e dodge and burn very original, very creative named for the dodging and burning effect you're going to apply most importantly, I'm going to change the blend mode I want to use one of the contrast blend modes I use overlay soft light works as well it's just a little more subtle effect. I'm not big on subtlety, so I go with the overlay blend mode and then I also want to turn on the check box to fill this layer with the overlay neutral color and the overlay neutral color happens to be fifty percent gray, and so I'll go ahead and click ok and now, sure enough, you can see that I have a new layer it's, a pixel based layer it's called dodging burn. It has the blend mode you can see the pop up here toward the top of the layers panel that blend mode is set to overlay, and the layer is filled with fifty percent gray, and yet I see no effect at all in the image. I have all these great pixels that are apparently accomplishing absolutely nothing and that's because of that little check box, remember that it said the neutral color, which means the do nothing color. So in the context of the overlay blend mode, this middle great value that fifty percent great value has no impact on the photo. If this were the normal blend mode, then yes, we would have pixels covering up the photo, not the effect we were going for in this case, obviously, so I'll change that blend mode back to overlay. So if middle grade fifty percent grade does absolutely nothing, you can probably already anticipate where we're going with our painting toe, lighten and dark and specific areas of the photo fifty percent graves are neutral value, anything lighter will lighten up that area of the photo. Anything darker will darken up that area of the photo. So once again I'm using my brush tool once again, I'll make sure that I'm using a soft edged brush all adjust the size on the fly as needed. The blend mode upon the options bar normal, the blend mode for the layer is set to overlay that's, where the magic is happening the brush I want to behave in a very normal way in the usual way I'm just painting with pixels, so normal blend mode for the brush itself, but I want to reduce the opacity, generally speaking, about ten, maybe fifteen percent when I'm using the overlay bland mode, very subtle effect aiken buildup, that effect with multiple brush strokes over the same area and in this case all used twenty percent that's a little bit strong, but it'll make it easier for you to actually see the adjustment while I'm working. But another handy keyboard shortcut for the opacity once I've chosen the brush tool than the numbers on the keyboard, will adjust the opacity of the brush itself. Pressing the number one we'll give you ten percent to we'll give you twenty percent a quick one five, we'll give you fifteen percent. So wanna press two to get a twenty percent capacity in this case? And then I'll increase the size the brush here a little bit letter d on the keyboard again to get those default values of black and white letter x to exchange or to swap those foreground background colors. I'm going to start out with white toe, lighten up the image may want to lighten up the lion space just a little bit for example, what I'm going to do here and it's very important when I'm painting, using this technique because I'm working at a reduced capacity if I paint once I'm adding a little bit of in this case, white, if I paint over the same area been I'm getting a stronger effect and again and again and again. So I want to make sure that if I want to have an even effect in one area that I paint and hold that mouse button down and keep the mouse button down until I'm finished covering up that area. So, for example, I'll click and hold, keep that mouse button down and paint over the entirety of the face, perhaps maybe I want to. Sort of exaggerate those things a little bit I want to lighten up the mouth a little bit mohr so I've already lighting up the mouth by virtue of lightening up the face all reduce the brush size and come into the mouth area and click and drag and paint over the entirety of the mouth so I have a little bit stronger effect there so it's important to keep in mind that when you paint over the same area multiple times, you're increasing the strength of the effect you want to make sure that you don't end up with sort of a modeled appearance where you're kind of randomly and sporadically painting over different areas so you get little light patches and dark patches all mixed up all then had the ex key on the keyboard to switch to black, increase that brush size a little bit maybe darken up the edges just a little bit to kind of create almost like a vignette sort of effect, et cetera. So you get the idea I can paint with white toe lightened black dark and individual areas of the photo all turn off the visibility for that dodge and burn layer. Generally the effect I'm going for here is that when the effect is enabled when this dodging burn layers turned on, it just looks good nobody looks at the image and says, oh, I see you've been practicing your dodging and burning because you don't want, you know you wanted to be suddenly don't want them to actually realize that work has been done because if so, it probably was a little bit too strong, but to me, the ideal is that initially it doesn't really look like it's been too strong. Then you turn the layer visibility off just by clicking the ei icon to the left of the thumbnail for that layer and you toggle back important? Wow, actually that's kind of a strong effect. I didn't think it was so strong, I thought I was being subtle, but it turns out I wasn't and so that to me that's sort of the ideal is that you've got a nice impact in the photo you kind of accentuated certain details or toned down certain details, whatever it is you're trying to accomplish but it's not super obvious when you see the effect djukanovic lands so that's my personal preference and also if I turn off the visibility for the background image later, this is the reason, the real reason that I filled the layer with middle gray so that it makes it much easier to see where I was painting otherwise I've got that checkerboard pattern of transparency and it's very difficult to see wait that I paint toe light in that area that I dark in that area which area has more versus less here, just by turning off the visibility of the background image layer, I can see the actual dodging burnley and I see a lot of lightning here a little bit of lightning there, some darkening out there etcetera kind of analyze more importantly troubleshooting I've got some weird little area that a little bit too bright or too dark oh must have painted over that a few extra times without realizing it so a nice tool for being able to go back and evaluate the question yeah quick question how do you know which soft brush to choose when painting into the masks have you know which soft brush to use any of the round soft brushes? So these other options here generally speaking there alone be different sizes for some of these brushes off kind of scroll through here and you can see there are also some other shapes, but as long as it's a round brush that looks fuzzy that's good and you don't actually have to choose a fuzzy brush, you could choose a hard brush and then reduce the value for hardness down to zero percent. But what I generally avoid is these other fancy little brush is going to increase the brush size here this is one of the kind of painterly brushes I don't usually want a dodge and burn with the funny shaped brush like that not that it can't be done but it's usually better with it. Just a kind of plain vanilla brush. And any of them that have a fuzzy edge and appear to be round are going to be a good brush for you. And again really it's just making sure that it's round and at the hardness is set to zero. Thank you. All right, you bet. Question. Yes. So when you are painting on the gray, say thatyou added too much black and you wanted to get rid of it, would you paint with all together? Would you meet with gregan? Or would you people question? Excellent question. So I paint let's have painted this area little bit too dark. Well, I was painting at fifty percent gray. I'm sorry. Painting with the twenty percent capacity with black on a fifty percent gray area which gives me do the matt. I don't know it some other number, some other density value. And I decide that's too dark. Well, in theory, since I was painting a twenty percent capacity with black. If I paint with the twenty percent opacity with white, I will reverse the effect. Well, that's sort of true. Except are you really going to be able to paint in exactly the same area where that blending is goingto happen? Maybe you can but I definitely cannot and so the approach that I take is essentially to erase the effect but remember we're using a middle gray phil on this layer so we can see things more clearly I don't actually want to a race so instead once again using the brush tool I'm gonna keep this layer visible just so that more to the point of going keep the background layer hidden so we can see the actual dodge and burn there too so you'll see the effect a little bit more clearly so with my brush tool I'm going to click on my foreground color swatch down at the bottom of the toolbox that will bring up the color picker I'm going to set my brightness value to you guessed it fifty percent that I'm painting with fifty percent gray and so now I just want to bring my capacity back up to one hundred percent so I'm painting at full capacity exactly fifty percent gray which is in the context of this fifty percent great phil sort of like a racing and so now you can just come out into the image and you know, I felt that was too much darkening in this area and I just want to kind of start over this is effectively erasing that effect all good and bring our image layer back and I'll do the same thing up over here produces brush size little lips actually, brush into the image. There we go. And so now that's, erasing that darkening, so a little bit, tricking that you have to remember to change both the color and the opacity. If I want to go back and start burning again, for example, I'll press the letter d to get those default colors back. But I also want to set that opacity back to in this case I was using twenty percent normally be more like ten or fifteen percent, but a little tricky in terms of switching back and forth. But that's, a technique that avenues, but excellent question. Thank you.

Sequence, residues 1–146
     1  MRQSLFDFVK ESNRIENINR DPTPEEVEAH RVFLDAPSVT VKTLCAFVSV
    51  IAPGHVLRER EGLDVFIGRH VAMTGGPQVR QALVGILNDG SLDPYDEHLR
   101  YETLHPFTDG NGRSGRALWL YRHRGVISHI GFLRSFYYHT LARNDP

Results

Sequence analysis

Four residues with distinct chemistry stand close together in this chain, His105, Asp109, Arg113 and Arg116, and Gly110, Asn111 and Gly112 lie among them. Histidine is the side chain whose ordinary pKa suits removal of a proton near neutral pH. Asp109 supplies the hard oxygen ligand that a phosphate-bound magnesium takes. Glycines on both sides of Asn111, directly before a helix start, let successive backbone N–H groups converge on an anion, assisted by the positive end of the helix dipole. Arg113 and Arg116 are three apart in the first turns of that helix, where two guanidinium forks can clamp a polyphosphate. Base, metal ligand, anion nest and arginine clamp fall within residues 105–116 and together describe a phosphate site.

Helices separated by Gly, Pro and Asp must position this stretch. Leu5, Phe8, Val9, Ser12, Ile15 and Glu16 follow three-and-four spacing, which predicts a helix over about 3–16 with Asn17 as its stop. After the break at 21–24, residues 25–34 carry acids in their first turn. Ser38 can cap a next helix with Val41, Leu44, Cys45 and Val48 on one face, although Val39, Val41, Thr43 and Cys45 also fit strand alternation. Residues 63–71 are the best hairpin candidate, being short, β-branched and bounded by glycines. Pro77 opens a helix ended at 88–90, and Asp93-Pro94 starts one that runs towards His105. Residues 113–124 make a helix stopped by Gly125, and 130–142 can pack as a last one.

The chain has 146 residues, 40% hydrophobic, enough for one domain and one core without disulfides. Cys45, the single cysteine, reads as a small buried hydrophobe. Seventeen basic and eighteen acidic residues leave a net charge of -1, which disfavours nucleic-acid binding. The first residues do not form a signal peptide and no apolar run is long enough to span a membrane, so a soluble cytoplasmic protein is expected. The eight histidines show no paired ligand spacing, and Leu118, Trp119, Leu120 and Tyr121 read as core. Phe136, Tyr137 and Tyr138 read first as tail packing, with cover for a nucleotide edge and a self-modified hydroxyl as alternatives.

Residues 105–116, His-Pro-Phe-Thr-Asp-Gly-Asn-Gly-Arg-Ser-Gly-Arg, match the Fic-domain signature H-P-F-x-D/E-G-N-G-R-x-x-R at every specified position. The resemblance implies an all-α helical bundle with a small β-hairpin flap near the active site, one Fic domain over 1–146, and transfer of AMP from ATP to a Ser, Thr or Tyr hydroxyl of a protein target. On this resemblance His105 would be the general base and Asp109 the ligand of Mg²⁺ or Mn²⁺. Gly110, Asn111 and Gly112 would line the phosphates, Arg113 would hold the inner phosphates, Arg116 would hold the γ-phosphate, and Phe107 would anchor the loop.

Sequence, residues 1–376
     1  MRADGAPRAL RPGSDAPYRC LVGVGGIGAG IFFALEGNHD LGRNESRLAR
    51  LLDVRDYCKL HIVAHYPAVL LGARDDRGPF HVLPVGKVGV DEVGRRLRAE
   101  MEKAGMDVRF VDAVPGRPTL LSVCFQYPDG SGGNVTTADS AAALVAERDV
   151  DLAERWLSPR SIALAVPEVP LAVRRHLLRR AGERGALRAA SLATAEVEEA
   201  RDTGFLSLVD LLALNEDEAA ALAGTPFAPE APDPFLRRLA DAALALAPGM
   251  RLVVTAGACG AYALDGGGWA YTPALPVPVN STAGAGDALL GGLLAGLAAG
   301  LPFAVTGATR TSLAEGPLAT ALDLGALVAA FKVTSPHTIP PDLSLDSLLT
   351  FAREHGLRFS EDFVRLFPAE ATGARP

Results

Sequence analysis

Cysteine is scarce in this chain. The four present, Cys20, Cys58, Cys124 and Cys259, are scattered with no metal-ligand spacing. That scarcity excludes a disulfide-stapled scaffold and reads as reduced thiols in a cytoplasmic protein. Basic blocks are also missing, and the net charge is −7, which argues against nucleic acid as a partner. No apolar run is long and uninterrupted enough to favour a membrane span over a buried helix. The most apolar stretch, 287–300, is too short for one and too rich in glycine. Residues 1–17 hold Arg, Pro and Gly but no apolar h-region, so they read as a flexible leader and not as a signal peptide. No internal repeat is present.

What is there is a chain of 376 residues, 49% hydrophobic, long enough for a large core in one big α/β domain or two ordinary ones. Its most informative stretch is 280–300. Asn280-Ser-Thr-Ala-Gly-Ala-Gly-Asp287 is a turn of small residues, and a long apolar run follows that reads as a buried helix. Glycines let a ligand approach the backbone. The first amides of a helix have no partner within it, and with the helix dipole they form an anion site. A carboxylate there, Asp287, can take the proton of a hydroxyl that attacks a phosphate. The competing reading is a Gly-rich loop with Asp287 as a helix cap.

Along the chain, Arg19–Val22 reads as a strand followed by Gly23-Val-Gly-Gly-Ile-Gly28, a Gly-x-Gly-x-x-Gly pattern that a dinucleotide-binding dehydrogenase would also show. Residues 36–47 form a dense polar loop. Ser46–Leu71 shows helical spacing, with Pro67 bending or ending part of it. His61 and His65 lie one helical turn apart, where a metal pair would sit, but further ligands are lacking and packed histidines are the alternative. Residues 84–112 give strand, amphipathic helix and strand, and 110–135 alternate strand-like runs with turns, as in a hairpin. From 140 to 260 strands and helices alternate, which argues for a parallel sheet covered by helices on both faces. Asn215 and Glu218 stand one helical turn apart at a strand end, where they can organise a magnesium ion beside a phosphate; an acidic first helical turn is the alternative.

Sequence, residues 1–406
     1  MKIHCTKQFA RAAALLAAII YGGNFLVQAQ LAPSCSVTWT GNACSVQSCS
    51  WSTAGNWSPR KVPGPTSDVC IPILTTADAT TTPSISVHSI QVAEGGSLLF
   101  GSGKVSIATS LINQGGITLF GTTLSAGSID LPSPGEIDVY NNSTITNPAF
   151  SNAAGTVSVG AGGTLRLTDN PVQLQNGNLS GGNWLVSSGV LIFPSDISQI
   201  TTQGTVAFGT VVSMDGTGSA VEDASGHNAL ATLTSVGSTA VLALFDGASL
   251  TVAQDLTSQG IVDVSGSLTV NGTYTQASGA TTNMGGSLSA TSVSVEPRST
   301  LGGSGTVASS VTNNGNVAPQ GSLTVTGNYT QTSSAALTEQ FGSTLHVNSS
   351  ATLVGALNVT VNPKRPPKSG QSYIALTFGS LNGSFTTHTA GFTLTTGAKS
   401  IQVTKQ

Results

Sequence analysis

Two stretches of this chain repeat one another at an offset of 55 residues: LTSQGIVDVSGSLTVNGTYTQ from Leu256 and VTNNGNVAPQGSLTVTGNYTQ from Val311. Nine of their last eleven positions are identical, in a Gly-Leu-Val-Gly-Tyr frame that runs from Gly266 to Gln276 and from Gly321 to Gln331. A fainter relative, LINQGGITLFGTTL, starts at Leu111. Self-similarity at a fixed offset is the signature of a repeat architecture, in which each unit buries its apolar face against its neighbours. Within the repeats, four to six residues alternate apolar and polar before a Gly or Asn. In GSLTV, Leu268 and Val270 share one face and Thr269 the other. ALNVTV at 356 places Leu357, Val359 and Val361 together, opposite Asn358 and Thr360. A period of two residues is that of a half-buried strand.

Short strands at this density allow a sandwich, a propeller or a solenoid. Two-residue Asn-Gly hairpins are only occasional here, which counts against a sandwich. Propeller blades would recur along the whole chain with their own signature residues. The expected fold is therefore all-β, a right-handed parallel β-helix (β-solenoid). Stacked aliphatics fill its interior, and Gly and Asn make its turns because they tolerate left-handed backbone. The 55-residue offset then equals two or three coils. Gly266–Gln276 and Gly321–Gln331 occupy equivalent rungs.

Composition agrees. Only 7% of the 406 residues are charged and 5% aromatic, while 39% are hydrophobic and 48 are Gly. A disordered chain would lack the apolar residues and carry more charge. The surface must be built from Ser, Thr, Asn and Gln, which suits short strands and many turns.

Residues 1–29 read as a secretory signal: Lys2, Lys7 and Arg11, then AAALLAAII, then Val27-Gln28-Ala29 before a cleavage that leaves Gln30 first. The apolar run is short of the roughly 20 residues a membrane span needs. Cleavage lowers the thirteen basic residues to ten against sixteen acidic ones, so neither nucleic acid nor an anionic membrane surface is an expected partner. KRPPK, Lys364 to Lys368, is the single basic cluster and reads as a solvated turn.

Class Description

Targeted adjustments in Adobe® Photoshop® give you incredible power when editing photographs. Learn how they can quickly transform your images in Targeted Adjustments in Adobe® Photoshop® with Tim Grey.

Tim will help you truly understand the concepts and functionality behind layer masking. You’ll learn how you can apply adjustments to specific areas of a photo. Tim will demonstrate selection techniques, painting on layer masks, and using gradients. You’ll develop the skills you need to make impactful and efficient adjustments.

Software Used: Adobe Photoshop CC 2014.2.2